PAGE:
The confidence of K Chandrasekhar Rao has trumped a cobbled up alliance of the Congress and the Telugu Desam Party in Telangana. As results of the Telangana assembly polls come out, it is clear that the K Chandrasekhar Rao (KCR)-led Telangana Rashtra Samiti (TRS) is set to form a government with a huge majority. Despite tall claims about wresting power in the state, the Prajakutami (grand alliance) of Congress, TDP, CPI and TJS turned out to be a grand flop show.
The alliance between arch-rivals Congress and TDP was cobbled up ahead of the assembly polls in a surprise move to stop KCR's victory for a second time.
It was a prestigious battle for all the three major players. For TRS, it wanted to establish itself as the lone player in Telangana while the Congress, whose government formed the state in a crucial political move, found the polls as an opportunity to emerge as the real representative of the people of the state. Even former Congress president Sonia Gandhi, who stayed away from the hectic campaigning in the five states that went to polls recently, addressed a rally in Telangana and was hailed as the 'mother' of the state. For Chandrababu Naidu and his TDP, the polls were an important opportunity to emerge as a leader of the state carved out of Andhra. He also found the polls as a chance to emerge as a key player of the united opposition that is likely to take on Prime Minister Narendra Modi and his BJP at the national level in the next Lok Sabha polls in 2019.
With KCR emerging as the undoubted leader of Telangana with a brute majority, the dreams of the Congress as well as the TDP are shattered. The dejected parties only have to find out now who lost the most?
The final numbers are yet to come but an early assessment considering the trends reveals that both the Congress and TDP have suffered badly. The parties had won 21 and 15 seats respectively in 2014 whereas the alliance has won or leading only in 21 seats now. (Notably, the TDP was with the BJP in 2014).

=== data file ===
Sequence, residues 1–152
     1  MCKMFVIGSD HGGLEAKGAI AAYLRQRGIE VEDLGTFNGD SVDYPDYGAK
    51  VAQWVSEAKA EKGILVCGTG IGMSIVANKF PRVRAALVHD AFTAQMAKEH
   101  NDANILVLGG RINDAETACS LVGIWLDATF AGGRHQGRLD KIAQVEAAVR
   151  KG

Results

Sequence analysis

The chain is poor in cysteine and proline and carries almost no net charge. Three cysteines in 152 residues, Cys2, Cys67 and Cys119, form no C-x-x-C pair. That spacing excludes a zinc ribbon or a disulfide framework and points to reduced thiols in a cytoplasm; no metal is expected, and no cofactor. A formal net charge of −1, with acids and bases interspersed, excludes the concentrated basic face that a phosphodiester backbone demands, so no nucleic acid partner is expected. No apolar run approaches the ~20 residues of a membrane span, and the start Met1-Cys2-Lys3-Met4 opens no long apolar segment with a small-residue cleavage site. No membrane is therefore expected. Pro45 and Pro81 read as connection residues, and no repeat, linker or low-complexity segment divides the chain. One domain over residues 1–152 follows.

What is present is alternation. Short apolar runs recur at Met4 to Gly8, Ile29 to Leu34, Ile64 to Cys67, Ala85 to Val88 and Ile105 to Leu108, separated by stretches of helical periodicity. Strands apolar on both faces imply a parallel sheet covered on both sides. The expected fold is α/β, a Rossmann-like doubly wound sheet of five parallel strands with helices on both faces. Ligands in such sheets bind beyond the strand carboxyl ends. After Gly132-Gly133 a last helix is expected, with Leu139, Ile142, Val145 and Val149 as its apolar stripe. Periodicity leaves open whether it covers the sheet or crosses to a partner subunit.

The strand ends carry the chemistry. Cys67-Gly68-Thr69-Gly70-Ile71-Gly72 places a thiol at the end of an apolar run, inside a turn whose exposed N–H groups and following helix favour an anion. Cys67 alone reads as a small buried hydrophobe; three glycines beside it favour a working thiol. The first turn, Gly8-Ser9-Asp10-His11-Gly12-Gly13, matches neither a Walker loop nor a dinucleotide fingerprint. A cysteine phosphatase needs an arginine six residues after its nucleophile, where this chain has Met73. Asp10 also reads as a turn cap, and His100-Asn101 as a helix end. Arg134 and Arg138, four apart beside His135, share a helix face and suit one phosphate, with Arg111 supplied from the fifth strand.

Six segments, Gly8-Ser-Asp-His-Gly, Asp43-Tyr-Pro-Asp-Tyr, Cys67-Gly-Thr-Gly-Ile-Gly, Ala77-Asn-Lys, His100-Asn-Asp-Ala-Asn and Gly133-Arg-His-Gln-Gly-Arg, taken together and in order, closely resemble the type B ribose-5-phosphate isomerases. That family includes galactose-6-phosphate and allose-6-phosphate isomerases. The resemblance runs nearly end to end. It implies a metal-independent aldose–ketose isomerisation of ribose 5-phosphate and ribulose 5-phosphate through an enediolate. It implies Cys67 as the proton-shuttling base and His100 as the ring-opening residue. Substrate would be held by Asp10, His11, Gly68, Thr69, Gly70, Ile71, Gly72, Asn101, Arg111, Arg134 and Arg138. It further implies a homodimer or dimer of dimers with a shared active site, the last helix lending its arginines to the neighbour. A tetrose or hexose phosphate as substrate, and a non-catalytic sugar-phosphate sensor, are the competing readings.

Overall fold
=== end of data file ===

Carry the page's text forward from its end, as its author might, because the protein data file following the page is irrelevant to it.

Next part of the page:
In effect, the alliance failed to make any impact despite making an impression that there was a tight fight.
The Congress seems to have lost big time in the gamble as their numbers have come down compared to the 2014 results which came at the peak of the Telangana statehood campaign. KCR's game of igniting the Telangana pride by calling Naidu as an outsider who was trying to rule Telangana sitting in Andhra also seems to have brought in rich dividends. The two parties constituted over 43 per cent votes last time and they were hoping to repeat the same this time around too. But the fact that the TRS was able to defect a major chunk of the TDP MLAs in 2014 was not counted well, it seems. The defected leaders appear to have taken away huge sums of vote share along with them.
Now the Congress has to introspect whether it was right to enter into a hasty alliance.
It is clear that the party, in its bid to capture power in the state at any cost, failed to understand the ground realities well in advance.
The Telangana results also put Naidu's credibility as a potential national leader at stake. Had the Telangana model been a success, it would easily be emulated in Andhra when the state goes to polls next year. But now with the adverse results it faced, the future of the alliance in Andhra is uncertain.
The BJP, though not a prominent force in Telangana, must be happy about the fate of the Congress-TDP alliance. It was evident from Union home minister Rajnath Singh's immediate reaction that the alliance has failed. However, Jagmohan Reddy of the YSR Congress in Andhra must be happier now than the BJP. The success of the 'Prajakutami' could have been a headache for him when he would meet them in his home state next year. With the alliance in tatters and the Congress in a sorry state in Andhra, Jagan can afford to don a smile.